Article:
How is ‘Oncology Massage’ Different from ‘Normal Massage?’
by Tracy Walton
She called me about getting massage for her brother. He was in treatment for advanced cancer, and he felt too sick to arrange massage for himself. “What is different about massage for people with cancer?” she asked me. And “How is it different from ‘normal’ massage?”
I hear this question often. It always deserves a thoughtful answer.
My answer touches on a couple of things:
One is the goal of oncology massage. I told the caller that we aim to ease specific cancer symptoms and side effects of treatment, such as pain, anxiety, nausea, and poor sleep. In particular, improving anxiety and sleep helps other problems improve. I told her that I’d want to know her brother’s symptoms and goals for the session. I will ask how he is sleeping. In oncology massage, we go after the “problem list” specific to cancer, and we try to make them better.
We also adapt to the effects of cancer and treatment.
Here, we’re focused on not making things worse. We want to avoid any problems with massage pressure, stroke direction, or joint movement that could aggravate symptoms or injure vulnerable tissue.
Some of these safety precautions are intuitive: if there is bruising, lighten up; if skin is chapped, don’t irritate it.
But not all oncology massage precautions are obvious or intuitive. In fact, some are invisible. Some of our concerns are even more serious 30 years after treatment than they were at the 3-month mark. Lymphedema can be a lifelong risk. Radiation and other treatments can weaken tissue and organ function years later.
As we teach oncology massage, we feel the weight of such concerns. We teach how to interview for them, and how to use the client’s health history to structure the massage in favor of symptom relief.
On the phone with her, I kept it light but truthful: “Here are a few examples. For one, I consider any tumor sites and side effects of treatment. I might need to work more gently or slowly. If lymph nodes have been removed, I might shift the direction and pressure in my work. Even with past treatment, years ago, some effects might linger. So I start by getting a good understanding of my client’s health picture. I take a few minutes at the beginning of the session to ask some questions about treatment and other health conditions. If your brother has had massage before, I would explain how oncology massage and Swedish massage are similar, and how they are a little different. We would go from there.”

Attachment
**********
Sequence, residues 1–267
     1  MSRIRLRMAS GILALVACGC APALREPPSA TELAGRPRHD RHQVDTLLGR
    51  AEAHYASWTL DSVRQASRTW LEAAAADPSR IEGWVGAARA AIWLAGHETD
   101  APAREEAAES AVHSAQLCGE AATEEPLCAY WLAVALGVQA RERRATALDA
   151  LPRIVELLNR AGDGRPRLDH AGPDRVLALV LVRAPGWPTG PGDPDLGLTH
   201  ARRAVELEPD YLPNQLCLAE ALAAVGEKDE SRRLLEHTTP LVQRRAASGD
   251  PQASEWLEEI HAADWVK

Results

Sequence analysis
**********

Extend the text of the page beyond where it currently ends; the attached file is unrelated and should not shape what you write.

That phone call, the intake, and even the massage itself—these things take time to learn and more time to practice.
Then there is Facebook.
On Facebook, interactions are immediate and brief.
In massage therapy groups on social media, we see many therapists posing good questions to their colleagues. Among them, I’ve seen countless requests for how to work with a client in cancer treatment. Well-intentioned questions are followed by well-intentioned answers.
Yet several problems often arise in this forum.
- Answers are often all over the place, with conflicting advice.
- Most answers focus on the massage itself rather than the interview with the client.
And last, but not least, the most frustrating problem:
- Massage guidelines for cancer do not fit into a sound bite.
Cancer is not a single disease.
Instead, the word, “cancer,” describes over 200 different diseases. Along with that, hundreds of different treatments cause many different side effects. Treatments change, and many side effects run in cycles. Each client scenario is unique and it can be different on a different day. Customized care for so many possible client presentations? Impossible to capture in a sound bite, or even a short list.
Instead of something on the fly, most massage therapists tell us they want in-depth understanding. They long for the skills to help more clients with cancer. Many were taught, years ago, that massage was flat-out contraindicated in cancer. To undo this misinformation, they need substance and support. They need to think through actual cases. They need some time and supervision in order to practice their skills.
In response, Cindy Gillan and Nanci Newton are offering “Oncology Massage Therapy: Caring for Clients with Cancer” at FSM May 3-6, 2017. Cindy and Nanci have decades of oncology massage experience behind them and almost as many years of teaching experience. They’ll be joined by Susie Finfrock, an FSM grad who works at Haven Hospice in Gainesville and has her own long history in practice.
Between them, these instructors have hundreds of client stories. In class, they share many of their stories as they help build a solid oncology massage foundation. They create a supportive environment for honing the skills to work safely with people with cancer: The hands-on skills, interview skills, and even skills for that first phone call with a client.
The early registration discount ends soon in March 2017, and the course has begun to fill in response to many requests to hold it in Florida.
Find details and registration information here.
More background about our work here.